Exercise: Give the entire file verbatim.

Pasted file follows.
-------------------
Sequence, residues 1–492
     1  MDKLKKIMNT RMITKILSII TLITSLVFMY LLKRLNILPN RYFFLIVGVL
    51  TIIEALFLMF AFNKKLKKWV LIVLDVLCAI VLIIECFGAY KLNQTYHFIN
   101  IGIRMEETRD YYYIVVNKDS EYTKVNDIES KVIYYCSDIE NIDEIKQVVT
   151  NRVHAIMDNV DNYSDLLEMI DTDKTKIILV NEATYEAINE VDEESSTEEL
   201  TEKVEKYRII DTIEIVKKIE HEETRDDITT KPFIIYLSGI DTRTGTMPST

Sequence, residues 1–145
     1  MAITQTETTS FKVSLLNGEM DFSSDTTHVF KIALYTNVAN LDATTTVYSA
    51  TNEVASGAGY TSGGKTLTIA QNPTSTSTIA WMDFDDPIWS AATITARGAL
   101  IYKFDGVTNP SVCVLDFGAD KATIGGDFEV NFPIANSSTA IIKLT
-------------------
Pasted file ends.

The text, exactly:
Sequence, residues 1–492
     1  MDKLKKIMNT RMITKILSII TLITSLVFMY LLKRLNILPN RYFFLIVGVL
    51  TIIEALFLMF AFNKKLKKWV LIVLDVLCAI VLIIECFGAY KLNQTYHFIN
   101  IGIRMEETRD YYYIVVNKDS EYTKVNDIES KVIYYCSDIE NIDEIKQVVT
   151  NRVHAIMDNV DNYSDLLEMI DTDKTKIILV NEATYEAINE VDEESSTEEL
   201  TEKVEKYRII DTIEIVKKIE HEETRDDITT KPFIIYLSGI DTRTGTMPST

Sequence, residues 1–145
     1  MAITQTETTS FKVSLLNGEM DFSSDTTHVF KIALYTNVAN LDATTTVYSA
    51  TNEVASGAGY TSGGKTLTIA QNPTSTSTIA WMDFDDPIWS AATITARGAL
   101  IYKFDGVTNP SVCVLDFGAD KATIGGDFEV NFPIANSSTA IIKLT